Nova Scotia is an undiscovered vacation destination for many. Most Minnesotans would fly to Nova Scotia, but we decided to take almost 3 weeks one summer for a driving tour to Nova Scotia through Maine and New Brunswick, Canada with the kids. It was what we later referred to as a meandering vacation: seeing all of the sights, but taking our time to enjoy the highlights and soak in the people and natural beauty.
It was a big adventure and put a lot of miles on the Yukon, but our kids seemed to really enjoy the journey and not just the destination. They are a fun bunch who will go with the flow of their crazy parents’ travel plans. We were lucky; no one suffered from car sickness even when we drove over rolling hills, simulating the best roller coasters at a theme park. We made lots of stops too, and included places we knew they would enjoy like Prince Edward Island, the site of the home of Anne of Green Gables.
Initially we planned an aggressive driving itinerary that brought us from Minnesota to Maine within a few days. After some lovely vistas and eating the best lobsters in the world, we meandered our way north into Canada following the coastline. We stopped at many beautiful places, including one called Hopewell Rocks in New Brunswick where you can hike around the teetering rocks along the beach during low tide. The rocks look like large boulders on the top, but have been eroded on the bottom by thousands of years of ocean tides, so that it appears that they are teetering on a base that looks too small to support the top. They are located in the upper reaches of the Bay of Fundy, which is an interesting area in and of itself.
This area has the largest difference between high and low tide in the world. It also has reversing rivers that flow one direction at low tide and then the opposite way when the tide comes in. We have been so lucky all of these years in that my husband is not only a brilliant scientist, but he researches any area before we would go and he has an incredible base of knowledge about geography, geology and the oceans. As we moved from area to area, he would show us the natural wonders of the area and give us the historical and scientific explanation.
As we entered Nova Scotia we had seen many beautiful places, but Nova Scotia had a feel all of its own. The road followed the rocky coastline rolling up and down bordered by the deep blue waters of the North Atlantic, and over the brilliant green grasses of the flats where the road is built and bordered on the other side by the sun drenched, rolling cliffs. It was hard to fully absorb the natural beauty as we drove through Cape Breton Highlands National Park, and stopped periodically to hike a short trail or have a snack while watching the North Atlantic roll in over the rocks. We slowly made our way to a small ocean side cabin rented for the night. As the kids ran to the cabin it reminded me of the scene at the beginning of the Sound of Music where Maria spins around as she runs through the Swiss Alps. I like to think it was the natural high they were getting from feeling the cool, moist, salty air rising from the ocean mixed with the natural dark green landscape, but it may have been that they had been cooped up in the Yukon for a little too long.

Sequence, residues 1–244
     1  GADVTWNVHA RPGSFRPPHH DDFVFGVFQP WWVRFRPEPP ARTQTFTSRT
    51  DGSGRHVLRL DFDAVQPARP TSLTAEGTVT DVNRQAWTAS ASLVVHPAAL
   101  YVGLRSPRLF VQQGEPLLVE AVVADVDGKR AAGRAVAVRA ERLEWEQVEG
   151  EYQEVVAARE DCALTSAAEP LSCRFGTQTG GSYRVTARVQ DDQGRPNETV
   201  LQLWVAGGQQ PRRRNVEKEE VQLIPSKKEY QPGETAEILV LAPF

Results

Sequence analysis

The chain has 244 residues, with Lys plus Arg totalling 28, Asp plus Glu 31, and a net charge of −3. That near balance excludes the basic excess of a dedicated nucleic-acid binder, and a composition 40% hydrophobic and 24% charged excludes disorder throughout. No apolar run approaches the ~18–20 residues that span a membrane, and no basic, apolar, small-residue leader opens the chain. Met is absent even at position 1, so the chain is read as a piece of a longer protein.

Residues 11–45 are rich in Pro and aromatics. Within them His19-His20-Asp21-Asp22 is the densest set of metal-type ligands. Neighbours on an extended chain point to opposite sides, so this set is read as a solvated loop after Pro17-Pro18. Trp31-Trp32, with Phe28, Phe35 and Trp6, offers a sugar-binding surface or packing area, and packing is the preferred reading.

Nova Scotia means New Scotland and this area was settled initially by Scottish immigrants in the early 1600’s. After a tumultuous history of claims between Scotland, France, and England the Scotts finally “won out” and make up the majority of settlers in these highland regions of Nova Scotia. Our cabin was in the small seaside town of Inverness. The people of Inverness possess such a heavy Scottish accent that even though we drove there, it felt like we were in a foreign country. It was a quaint little village full of friendly warm people and delicious comfort food. Its small town charm was highlighted by the fact that they were having a wedding and a the wedding dance was at the fire station in town. Evidently the fire station was the only facility large enough to accommodate the wedding, which appeared to include everyone from the town as a guest.
We stopped for food and the kids were mesmerized by the lovely accents of the people in the shops that lined the well kept streets, but we took our food back to our seaside escape as we wanted to enjoy every minute at the ocean. We ate and drank in the beauty before us. We walked along the beaches by our cabin and picked up a few pieces of brilliant sea glass and a rock or two, rocks being the kids’ favorite mementos to collect while on vacation. We actually also found a piece of a ceramic plate along the Nova Scotia beaches and daydreamed that it may be a piece off of the Titanic, as we knew that it had sank in the North Atlantic not far from there.
It added to the mystique and wonder of this lovely area to engage the local Scottish people and to dream about the history of this unspoiled place. Nova Scotia gets some visitors, but because it is so remote it has maintained its history and charm and has not been overrun with tourist mobs that sometimes demand more and more accommodations and features from their own
homeland, which can interfere with the natural and basic experience of the area. I like to appreciate a place for its natural beauty; culture and history and not complain that it is not enough like my own home.
Nova Scotia is unspoiled in its natural beauty as well as unspoiled in its people’s love of drink and dance – to celebrate a wedding, dancing the night away to highland music at the town’s fire station. You learn a lot about a place on this earth by meandering through it, without a stringent plan. It is especially precious if you can experience it with family and see beauty through the eyes of your children.